Connecting to protect against suicide

  • Published
  • By Senior Airman Jonathan Stefanko
  • 434 ARW Public Affairs
In response to rising suicide rates within the Air Force, senior Grissom leaders united in a call to action to discuss the resources available to Airmen in need -- and stress the importance of continual communication.

“Suicides are a really big problem in the military,” said Col. Larry Shaw, 434th Air Refueling Wing commander. “People are taking their own lives and we need to be the first line of defense to prevent that from happening.”

As of August 31st there have been more than 92 total force members who have taken their own lives in Air Force. That number comprises both military and civilian members and include the Guard and Reserve.

Christy Shives, 434th ARW violence prevention integrator, opened the briefing with a presentation to show the rising suicides trend. While she noted suicides are on track to be as high as last year, there may be a spike as the pandemic continues.

“In 2018, the Air Force Reserves lost three Airmen to suicide,” she said. “By August last year, we lost nine. And August this year, we have already lost 10. The trajectory is on the rise and rising at an alarming rate.

“The risk factors are the same. The top factors include financial stresses, relationship and workplace problems, and alcohol consumption. However, the pandemic is amplifying these risk factors, it is more important now than ever to talk with your people and ensure they are okay.”

The increase in isolation and loss of routine due to the pandemic brings new challenges that are building atop the everyday hardships people already experience. However, Shives notes that while the figures are cause for alarm, all is not lost.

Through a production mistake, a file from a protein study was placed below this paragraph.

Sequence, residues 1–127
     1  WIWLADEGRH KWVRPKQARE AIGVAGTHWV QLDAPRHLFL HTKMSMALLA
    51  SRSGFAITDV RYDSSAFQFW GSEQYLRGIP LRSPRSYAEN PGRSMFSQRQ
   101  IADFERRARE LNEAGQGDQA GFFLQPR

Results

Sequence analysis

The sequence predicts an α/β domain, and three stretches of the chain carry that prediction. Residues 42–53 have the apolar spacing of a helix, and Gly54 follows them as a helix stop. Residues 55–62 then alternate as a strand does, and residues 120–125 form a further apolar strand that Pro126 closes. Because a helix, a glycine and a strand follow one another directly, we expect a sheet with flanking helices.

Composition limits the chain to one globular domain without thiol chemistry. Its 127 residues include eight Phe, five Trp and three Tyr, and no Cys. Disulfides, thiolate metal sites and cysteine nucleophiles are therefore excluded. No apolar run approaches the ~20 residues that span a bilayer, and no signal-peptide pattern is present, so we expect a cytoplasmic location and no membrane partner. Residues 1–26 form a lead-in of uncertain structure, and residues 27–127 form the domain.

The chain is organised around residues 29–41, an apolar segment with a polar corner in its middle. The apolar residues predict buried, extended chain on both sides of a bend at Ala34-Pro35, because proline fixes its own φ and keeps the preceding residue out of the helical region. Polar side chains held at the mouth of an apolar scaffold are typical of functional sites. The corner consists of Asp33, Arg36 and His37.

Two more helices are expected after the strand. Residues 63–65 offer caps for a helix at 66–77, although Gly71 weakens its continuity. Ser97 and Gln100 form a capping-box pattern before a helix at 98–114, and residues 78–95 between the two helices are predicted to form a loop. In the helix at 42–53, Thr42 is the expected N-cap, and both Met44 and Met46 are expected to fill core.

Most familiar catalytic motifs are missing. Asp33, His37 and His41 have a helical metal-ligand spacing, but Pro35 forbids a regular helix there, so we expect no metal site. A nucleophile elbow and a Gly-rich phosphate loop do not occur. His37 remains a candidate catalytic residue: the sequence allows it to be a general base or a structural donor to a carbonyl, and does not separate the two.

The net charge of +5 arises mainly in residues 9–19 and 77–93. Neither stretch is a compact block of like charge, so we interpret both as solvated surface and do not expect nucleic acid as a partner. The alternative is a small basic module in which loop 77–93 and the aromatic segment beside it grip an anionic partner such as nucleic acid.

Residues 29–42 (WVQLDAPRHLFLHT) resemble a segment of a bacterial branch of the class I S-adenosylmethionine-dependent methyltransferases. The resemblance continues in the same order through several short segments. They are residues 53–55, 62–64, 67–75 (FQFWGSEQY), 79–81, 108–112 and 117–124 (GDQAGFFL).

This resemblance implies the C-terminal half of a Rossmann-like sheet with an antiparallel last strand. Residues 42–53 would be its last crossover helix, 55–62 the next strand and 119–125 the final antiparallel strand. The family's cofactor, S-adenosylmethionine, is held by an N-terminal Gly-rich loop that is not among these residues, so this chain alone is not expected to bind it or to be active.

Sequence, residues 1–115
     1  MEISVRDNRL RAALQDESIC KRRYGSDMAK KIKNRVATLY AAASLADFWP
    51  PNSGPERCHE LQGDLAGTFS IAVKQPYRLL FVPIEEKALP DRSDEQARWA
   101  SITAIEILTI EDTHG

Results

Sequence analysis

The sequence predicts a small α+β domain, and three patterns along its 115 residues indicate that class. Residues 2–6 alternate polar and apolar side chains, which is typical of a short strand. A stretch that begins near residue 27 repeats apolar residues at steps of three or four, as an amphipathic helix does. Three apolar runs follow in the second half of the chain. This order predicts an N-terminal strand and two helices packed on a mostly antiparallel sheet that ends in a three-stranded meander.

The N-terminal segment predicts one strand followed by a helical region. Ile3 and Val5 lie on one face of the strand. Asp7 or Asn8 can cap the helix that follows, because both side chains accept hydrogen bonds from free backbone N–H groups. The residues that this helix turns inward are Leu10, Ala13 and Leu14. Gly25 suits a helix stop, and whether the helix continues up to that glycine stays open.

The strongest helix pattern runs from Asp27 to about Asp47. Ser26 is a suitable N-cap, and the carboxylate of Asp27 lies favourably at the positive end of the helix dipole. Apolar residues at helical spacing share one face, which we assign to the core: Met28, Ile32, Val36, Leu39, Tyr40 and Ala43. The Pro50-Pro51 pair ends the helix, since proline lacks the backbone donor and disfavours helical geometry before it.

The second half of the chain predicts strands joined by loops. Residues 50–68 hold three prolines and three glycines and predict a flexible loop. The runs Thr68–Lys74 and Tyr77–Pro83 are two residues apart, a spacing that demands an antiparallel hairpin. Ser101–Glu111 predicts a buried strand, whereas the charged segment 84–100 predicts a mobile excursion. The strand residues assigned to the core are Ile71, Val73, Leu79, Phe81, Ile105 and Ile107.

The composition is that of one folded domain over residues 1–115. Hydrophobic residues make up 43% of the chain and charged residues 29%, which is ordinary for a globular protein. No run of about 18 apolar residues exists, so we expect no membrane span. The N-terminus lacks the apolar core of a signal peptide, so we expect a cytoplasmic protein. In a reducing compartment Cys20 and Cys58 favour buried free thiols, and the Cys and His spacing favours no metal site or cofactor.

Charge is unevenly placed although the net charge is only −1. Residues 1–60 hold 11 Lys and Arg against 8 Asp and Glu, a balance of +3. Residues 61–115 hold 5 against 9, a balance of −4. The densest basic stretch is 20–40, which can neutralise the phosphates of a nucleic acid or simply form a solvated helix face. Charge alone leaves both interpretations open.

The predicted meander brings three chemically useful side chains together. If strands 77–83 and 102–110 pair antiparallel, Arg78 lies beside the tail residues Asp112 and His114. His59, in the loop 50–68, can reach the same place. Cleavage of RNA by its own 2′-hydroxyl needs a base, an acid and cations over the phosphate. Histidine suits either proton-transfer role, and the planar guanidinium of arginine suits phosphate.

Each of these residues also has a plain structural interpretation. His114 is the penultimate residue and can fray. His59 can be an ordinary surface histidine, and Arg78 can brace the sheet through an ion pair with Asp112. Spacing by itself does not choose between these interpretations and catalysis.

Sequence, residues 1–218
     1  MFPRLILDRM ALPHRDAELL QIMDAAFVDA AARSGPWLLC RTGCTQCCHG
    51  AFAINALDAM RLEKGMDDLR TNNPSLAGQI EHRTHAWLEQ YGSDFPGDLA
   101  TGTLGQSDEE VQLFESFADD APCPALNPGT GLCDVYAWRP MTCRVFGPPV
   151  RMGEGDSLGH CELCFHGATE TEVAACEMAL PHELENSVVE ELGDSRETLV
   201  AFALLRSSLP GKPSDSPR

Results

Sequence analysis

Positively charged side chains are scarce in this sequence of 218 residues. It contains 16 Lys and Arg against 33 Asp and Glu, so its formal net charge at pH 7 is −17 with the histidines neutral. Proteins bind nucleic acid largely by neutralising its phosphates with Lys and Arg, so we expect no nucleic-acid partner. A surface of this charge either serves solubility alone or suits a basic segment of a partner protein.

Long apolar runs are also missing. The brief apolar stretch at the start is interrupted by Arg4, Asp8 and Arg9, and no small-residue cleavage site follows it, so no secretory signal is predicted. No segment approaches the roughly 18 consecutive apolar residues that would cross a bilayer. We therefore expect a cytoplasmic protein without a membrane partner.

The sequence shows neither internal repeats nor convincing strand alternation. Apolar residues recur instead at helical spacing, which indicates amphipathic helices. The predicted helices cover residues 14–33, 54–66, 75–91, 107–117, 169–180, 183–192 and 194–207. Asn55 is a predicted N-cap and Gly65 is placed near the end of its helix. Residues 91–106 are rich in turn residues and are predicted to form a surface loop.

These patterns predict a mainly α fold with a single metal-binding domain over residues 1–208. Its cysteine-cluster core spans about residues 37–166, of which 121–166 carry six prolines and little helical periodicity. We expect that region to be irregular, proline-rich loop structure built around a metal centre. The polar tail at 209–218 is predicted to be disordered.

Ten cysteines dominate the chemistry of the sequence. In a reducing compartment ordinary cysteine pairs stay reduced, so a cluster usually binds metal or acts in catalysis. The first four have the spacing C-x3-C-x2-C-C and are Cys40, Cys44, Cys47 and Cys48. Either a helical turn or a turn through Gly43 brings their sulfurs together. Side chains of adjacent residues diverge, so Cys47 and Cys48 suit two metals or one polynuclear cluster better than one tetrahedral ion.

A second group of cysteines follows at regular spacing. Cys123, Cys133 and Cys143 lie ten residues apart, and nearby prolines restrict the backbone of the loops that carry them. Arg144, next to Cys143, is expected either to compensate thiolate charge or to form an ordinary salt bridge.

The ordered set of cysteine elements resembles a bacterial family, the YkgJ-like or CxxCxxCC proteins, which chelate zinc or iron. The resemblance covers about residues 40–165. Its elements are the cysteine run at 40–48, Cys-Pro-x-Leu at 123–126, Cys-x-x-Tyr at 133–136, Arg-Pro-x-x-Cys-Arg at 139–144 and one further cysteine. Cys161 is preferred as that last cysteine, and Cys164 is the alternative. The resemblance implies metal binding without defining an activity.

“The big question is how leaders can mitigate risk,” Shives asked the audience. “The first, and most important, thing you can do is talk with your folks and ensure they know you care. If you are only available when things are going well, then it is unlikely for anyone to come to you when things are going bad.”

“Get out and talk to your people,” Shaw emphasized. “And by talk I mean not just say ‘hello, how are you?’ as you pass in the hallway. Deliberate communication that shows empathy is a must.”

Chaplain (Lt. Col.) Alex Jack, 434th ARW chaplain, also took a moment to inform the audience that building a bond with troops may not happen overnight or be easy. However, they do not have to do it alone.

“One of the key things is building connectedness and those relationships,” Jack said. “We know that this is not always an easy thing to do, especially when you may only see your troop once a month, but we are here to help in any way we can.”

If you or someone you know is in a crisis, help is available by calling the Veterans/Military Crisis Line at 1-800-273-8255, press 1, or visit and chat online, 24 hours a day, seven days a week.

“We are all in this together,” Shaw said. “That is the message that I want people to hear and understand.”

The 434th ARW is the largest KC-135R Stratotanker unit in the Air Force Reserve Command. The Citizen Airmen from the Hoosier Wing routinely deploy around the world in support of the Air Force mission.

Stay connected with the 434th ARW on Facebook and Twitter.